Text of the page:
At one point it becomes necessary to ride a raft across a lake to a small alcove that’s otherwise inaccessible. After searching the alcove, the raft is then used again to return you to the central environment. The word “slow” does not do this raft justice. It took a fair amount of time on the first ride. The second ride was even longer and that one I actually timed. Eighteen minutes! It took that long for the raft to travel from the alcove to the mainland, during which time there is nothing to do but wait. It was only after I got back to the castle that I found I had missed a code sheet for getting through one of the doors. Rather than waiting for over half an hour round trip to take the float back to the alcove, I used the fly command and was there and back with the code I needed in under a minute. Phew!

Another benefit of Moon Castle using the Unreal 4 engine is that it does sport some fairly impressive visuals. Light glints off metal and water and there’s a good amount of detail in various locations you move through, whether it’s the vaguely English countryside, the stonework of the castle itself, a large underground grotto, or a giant mushroom-festooned canyon, among other sights. Such visuals make it all the more jarring when turning the occasional corner to come face to face with some textures that would have been considered low resolution and blurry even ten years ago. They’re few and far between but they do shatter the illusion of the world somewhat.

Also distracting is the problem the game has with walls. Like most 3D first-person games, the mouse can be used to look up and down. Unlike most games, the view shifts so that when looking down it also leans forward a bit and when looking up it leans back. When standing right next to a wall, it becomes possible to lean through to see a default grey background behind it with the occasional bit of geometry showing from elsewhere in the world. This is especially prevalent when looking around in elevators on the move.

From a gameplay perspective, one aspect of the visuals is also quite detrimental. Shadows cast by trees, towers, etc. are dark to the point of being almost pitch black. This is especially problematic in one of the last areas of the game, where several critical buttons have been placed in shadowed areas. Care must be taken to search any dark section in the event that a small, unlit button may have been hidden there. Generally, the presence of such a button can be inferred because a locked door will be nearby with no other obvious means of opening it. Still, pixel hunts in the dark aren’t too terribly fun.

While the environments of Moon Castle look nice for the most part, other visual aspects of the game are less refined. When picking up various notes and books to examine, a large red X on a white background is placed in a corner of the screen to back out of the close-up. Similarly crude displays are used for the game’s menu. While small issues, they all jar with the rest of the aesthetic and break the reality that is otherwise trying to be established.

The controls are a mixed bag as well, attempting to combine free-roaming 3D movement with 2D point-and-click. The standard WASD keys can be used to go forward and backward and from side to side, although the lateral movement barely affects your course if you’re also moving forward or backward at the same time. Turning is a little trickier. A mouse pointer in the shape of the classic pointing finger from Myst can be moved about the screen and used to click on hotspots, but to turn or look up and down you have to hold the mouse button and then drag the cursor around the screen. To turn a full circle, it’s necessary to perform multiple drag-and-release operations. I would have much preferred being able to toggle between movement and interaction mode, perhaps by clicking the right mouse button. Moon Castle does offer a few options for inverting the controls and adjusting the movement and turning speeds, but these settings are not stored between sessions, requiring them to be reconfigured each time.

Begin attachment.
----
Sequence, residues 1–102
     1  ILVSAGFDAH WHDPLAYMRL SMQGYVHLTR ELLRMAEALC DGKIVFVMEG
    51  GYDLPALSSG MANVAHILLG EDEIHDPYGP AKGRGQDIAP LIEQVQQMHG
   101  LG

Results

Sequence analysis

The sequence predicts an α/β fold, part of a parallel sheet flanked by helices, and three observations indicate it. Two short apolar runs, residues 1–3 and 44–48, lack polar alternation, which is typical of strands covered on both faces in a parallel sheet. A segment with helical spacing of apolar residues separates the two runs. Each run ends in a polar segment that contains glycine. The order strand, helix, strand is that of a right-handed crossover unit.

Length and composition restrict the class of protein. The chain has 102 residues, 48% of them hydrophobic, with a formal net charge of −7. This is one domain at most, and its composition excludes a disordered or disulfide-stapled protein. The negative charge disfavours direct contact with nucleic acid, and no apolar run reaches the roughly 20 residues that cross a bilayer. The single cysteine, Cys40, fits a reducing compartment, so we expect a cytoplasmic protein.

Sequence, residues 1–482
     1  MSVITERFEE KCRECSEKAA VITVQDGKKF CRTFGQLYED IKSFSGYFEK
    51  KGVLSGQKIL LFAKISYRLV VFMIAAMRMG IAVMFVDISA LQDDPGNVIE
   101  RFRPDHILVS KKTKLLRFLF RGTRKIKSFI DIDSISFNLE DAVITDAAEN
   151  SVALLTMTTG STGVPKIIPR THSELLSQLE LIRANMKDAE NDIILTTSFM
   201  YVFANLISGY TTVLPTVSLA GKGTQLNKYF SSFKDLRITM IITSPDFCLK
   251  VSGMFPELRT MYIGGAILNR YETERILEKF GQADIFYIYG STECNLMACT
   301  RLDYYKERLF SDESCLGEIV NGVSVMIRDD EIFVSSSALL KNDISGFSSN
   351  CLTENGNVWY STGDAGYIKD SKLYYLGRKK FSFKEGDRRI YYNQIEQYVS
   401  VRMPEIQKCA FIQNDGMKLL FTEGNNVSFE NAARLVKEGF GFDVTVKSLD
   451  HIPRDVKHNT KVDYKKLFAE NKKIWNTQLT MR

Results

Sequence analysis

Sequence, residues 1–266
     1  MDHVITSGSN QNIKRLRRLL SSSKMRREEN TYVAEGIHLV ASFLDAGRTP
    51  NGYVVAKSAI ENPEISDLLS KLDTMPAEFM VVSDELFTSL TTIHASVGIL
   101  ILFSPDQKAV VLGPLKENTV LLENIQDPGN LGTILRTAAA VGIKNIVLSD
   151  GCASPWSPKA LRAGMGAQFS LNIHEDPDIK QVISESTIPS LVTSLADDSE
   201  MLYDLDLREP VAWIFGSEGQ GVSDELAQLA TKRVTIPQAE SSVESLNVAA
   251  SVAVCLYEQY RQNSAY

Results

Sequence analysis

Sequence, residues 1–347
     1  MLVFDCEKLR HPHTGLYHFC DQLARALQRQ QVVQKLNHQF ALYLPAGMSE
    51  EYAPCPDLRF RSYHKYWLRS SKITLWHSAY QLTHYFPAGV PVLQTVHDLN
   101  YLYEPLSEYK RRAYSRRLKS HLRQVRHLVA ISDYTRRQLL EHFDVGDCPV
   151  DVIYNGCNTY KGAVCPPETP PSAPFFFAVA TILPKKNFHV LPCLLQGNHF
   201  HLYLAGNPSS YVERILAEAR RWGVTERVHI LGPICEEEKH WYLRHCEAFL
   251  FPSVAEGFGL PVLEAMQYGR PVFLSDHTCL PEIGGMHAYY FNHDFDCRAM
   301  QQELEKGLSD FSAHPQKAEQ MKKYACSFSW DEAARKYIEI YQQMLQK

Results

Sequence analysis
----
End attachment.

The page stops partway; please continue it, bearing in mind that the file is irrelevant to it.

One nice touch made available is the ability to take pictures. This is useful when encountering the various note pages or books that provide information necessary to help solve some of the puzzles. The number of photos that can be taken is limited to fifteen. However, as the game is linear, requiring you to move from one puzzle to the next in sequence, once you’ve used the information from one picture you can then safely delete it as it won’t be needed again. Any snaps taken can be viewed via a pop-up overlay accessed through the game’s menu, so they’re always readily available to call up when needed, though you can’t interact with puzzles when the photo is on-screen.

It is also possible to roughly gauge the amount of progress you’ve made throughout the game. Each puzzle has been assigned a certain number of points depending on its complexity. Upon finishing one, a message pops up to say how many points were awarded. Overall the game has 200 points with most puzzles offering between 5 and 15 for completion. When puzzles are solved, a selection of short, semi-techno tunes are played. Musical taste varies, but I found the tunes out of place with the environment, seeming more like something that might be heard at a dance club than a semi-ancient castle.

Other than the short clips that play upon solving puzzles, the only other sounds come from ambient effects such as echoing caves or lapping water, or from interacting with the various machines that inhabit the world. Suitably, most of the buttons, wheels and levers that can be used will clank, click and clack as expected. However, there are a few critical control panels that you can click that provide neither a sound effect nor a visual to indicate that you’ve actually interacted with them. The results of such interactions can only be witnessed elsewhere.

All told, it took me eleven hours to play through Moon Castle, and it’s been some time since I’ve played a game with puzzles as challenging as those presented here. This is a game that very much gives that nice buzz of satisfaction when the pieces of its puzzles come together and you have that brilliant “aha” moment where you realize what the solution is. That said, the absence of anything resembling a coherent story to justify the gameplay, as well as the many and varied rough edges prevent me from rating it as highly as a solid puzzle game otherwise deserves. For puzzle fans, if you’re looking for a serious challenge, Moon Castle can still be a very rewarding experience, albeit one marred with numerous technical shortcomings.